Whether it’s a periodic free clinic in your community, an LGBT community center with strong health partners, a visit to Planned Parenthood, or a trip to a general practitioner covered by your insurance, it is critical to find affordable ways to access health care. The ACA is slowly but surely increasing access for LGBT people and many other marginalized communities. Find resources in your community that will help you learn about your eligibility and the process for getting signed up for insurance, or research the nearest free or low cost screening options.
5. Create community and get the word out
You aren’t alone in your quest for good health care. Find a community of people who you are invested in, and who are invested in you. Having a network of support — not just for health care, but for your whole self, will seriously improve your health.
“Research shows that women, even those who have the ACA, are not accessing services even when insurance covers it,” Willbrandt said. “Word of mouth, whether it’s about a specific provider and people saying go to this particular amazing provider, make sure you get your pap, that’s how people learn about the health care needs that they have and the resources available.”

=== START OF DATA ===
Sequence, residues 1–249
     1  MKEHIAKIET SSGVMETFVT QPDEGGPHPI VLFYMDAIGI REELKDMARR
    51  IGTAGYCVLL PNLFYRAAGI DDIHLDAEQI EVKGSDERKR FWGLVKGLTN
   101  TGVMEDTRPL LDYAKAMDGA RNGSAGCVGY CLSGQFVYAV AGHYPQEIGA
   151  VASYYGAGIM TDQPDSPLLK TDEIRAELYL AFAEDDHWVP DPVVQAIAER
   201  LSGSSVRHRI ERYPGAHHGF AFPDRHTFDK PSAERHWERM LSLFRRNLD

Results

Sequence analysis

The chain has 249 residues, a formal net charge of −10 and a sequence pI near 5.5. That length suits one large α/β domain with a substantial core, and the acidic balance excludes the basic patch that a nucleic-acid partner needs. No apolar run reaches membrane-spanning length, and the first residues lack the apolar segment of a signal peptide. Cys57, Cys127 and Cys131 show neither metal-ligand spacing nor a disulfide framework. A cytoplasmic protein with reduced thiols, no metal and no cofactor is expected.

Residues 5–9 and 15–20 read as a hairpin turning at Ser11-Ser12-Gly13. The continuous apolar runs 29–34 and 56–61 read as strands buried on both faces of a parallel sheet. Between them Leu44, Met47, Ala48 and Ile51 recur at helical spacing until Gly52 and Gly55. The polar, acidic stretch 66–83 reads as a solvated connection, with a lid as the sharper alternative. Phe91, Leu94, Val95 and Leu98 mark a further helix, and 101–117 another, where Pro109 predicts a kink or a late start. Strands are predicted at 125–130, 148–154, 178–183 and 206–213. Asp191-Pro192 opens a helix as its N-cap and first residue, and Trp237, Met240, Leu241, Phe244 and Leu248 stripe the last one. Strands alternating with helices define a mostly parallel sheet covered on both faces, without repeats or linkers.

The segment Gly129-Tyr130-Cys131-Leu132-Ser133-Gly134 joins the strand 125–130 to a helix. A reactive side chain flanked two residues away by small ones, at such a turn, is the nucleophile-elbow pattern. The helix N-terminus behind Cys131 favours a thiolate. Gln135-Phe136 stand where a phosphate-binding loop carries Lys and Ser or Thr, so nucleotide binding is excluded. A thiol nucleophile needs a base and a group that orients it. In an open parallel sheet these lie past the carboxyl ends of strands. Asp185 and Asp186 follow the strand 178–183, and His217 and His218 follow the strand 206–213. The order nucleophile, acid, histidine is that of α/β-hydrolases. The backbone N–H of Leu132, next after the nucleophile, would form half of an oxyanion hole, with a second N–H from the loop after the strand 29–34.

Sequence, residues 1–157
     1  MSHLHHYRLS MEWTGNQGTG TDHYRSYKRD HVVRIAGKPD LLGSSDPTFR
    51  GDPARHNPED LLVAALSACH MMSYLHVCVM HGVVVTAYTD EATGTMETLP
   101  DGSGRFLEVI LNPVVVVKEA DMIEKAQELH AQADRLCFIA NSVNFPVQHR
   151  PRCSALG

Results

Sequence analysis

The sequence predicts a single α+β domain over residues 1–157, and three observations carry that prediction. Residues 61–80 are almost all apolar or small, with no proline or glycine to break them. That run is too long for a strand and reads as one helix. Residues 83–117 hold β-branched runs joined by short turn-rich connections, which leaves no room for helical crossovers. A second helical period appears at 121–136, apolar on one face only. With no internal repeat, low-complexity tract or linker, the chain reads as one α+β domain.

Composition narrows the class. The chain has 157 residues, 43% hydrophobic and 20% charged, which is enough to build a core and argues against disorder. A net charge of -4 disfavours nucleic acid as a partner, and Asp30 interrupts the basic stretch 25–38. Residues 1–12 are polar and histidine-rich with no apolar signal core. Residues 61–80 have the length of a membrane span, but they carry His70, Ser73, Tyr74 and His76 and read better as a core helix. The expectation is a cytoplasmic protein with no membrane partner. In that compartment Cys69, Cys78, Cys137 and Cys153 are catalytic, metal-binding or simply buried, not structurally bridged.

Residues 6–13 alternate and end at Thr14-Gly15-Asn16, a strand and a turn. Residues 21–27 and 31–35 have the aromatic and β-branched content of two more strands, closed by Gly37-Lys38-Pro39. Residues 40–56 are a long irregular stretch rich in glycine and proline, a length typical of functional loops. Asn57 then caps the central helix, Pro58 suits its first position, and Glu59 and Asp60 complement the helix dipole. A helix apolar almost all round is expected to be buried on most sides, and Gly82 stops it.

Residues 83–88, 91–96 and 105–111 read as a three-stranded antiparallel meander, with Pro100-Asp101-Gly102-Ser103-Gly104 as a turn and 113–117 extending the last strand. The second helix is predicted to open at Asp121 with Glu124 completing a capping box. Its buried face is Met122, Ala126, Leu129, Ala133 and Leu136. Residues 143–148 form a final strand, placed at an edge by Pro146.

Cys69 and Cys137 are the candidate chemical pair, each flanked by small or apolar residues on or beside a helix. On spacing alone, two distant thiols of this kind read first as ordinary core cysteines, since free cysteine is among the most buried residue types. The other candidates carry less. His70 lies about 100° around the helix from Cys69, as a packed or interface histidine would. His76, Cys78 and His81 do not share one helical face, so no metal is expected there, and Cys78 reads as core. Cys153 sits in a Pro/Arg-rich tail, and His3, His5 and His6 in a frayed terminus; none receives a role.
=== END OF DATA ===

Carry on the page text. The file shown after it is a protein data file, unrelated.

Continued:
And once you’ve gotten health care access, found out what kinds of care you need and how to get it, found a queer-competent, compassionate provider or identified a userful resource, spread the word to others. Set a good example by taking care of your health and encouraging your friends, partners, family members and community to do the same.
“We don’t have anybody else doing this for us, this is our responsibility,” James said. “We have to get our appointments. We have to be responsible. We can’t abdicate our responsibility to our own health. We need to encourage that and support it in our communities.”
No matter how bleak the statistics or how unaware the medical community when it comes to bisexual health, it is possible to get good health care. With education efforts like those of the BRC, experts like Schick dedicating research to our community’s needs, and community organizations around the country fighting to provide good care to bisexual women, the situation is on the up and up. It’s up to each of us to ensure we’re taking advantage of the resources available and fighting to spread access for all bi women.